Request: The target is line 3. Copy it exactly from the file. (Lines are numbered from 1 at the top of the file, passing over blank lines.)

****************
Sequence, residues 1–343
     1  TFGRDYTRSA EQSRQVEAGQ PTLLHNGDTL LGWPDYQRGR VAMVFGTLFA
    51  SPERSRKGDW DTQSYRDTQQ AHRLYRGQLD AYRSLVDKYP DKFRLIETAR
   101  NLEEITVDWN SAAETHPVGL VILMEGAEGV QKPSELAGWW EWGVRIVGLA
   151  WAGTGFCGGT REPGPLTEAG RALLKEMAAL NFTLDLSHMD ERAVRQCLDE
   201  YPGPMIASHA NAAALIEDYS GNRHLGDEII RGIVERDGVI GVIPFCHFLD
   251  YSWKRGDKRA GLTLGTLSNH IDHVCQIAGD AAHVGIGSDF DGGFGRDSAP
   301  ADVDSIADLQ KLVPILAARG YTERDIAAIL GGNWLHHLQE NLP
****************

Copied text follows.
    51  SPERSRKGDW DTQSYRDTQQ AHRLYRGQLD AYRSLVDKYP DKFRLIETAR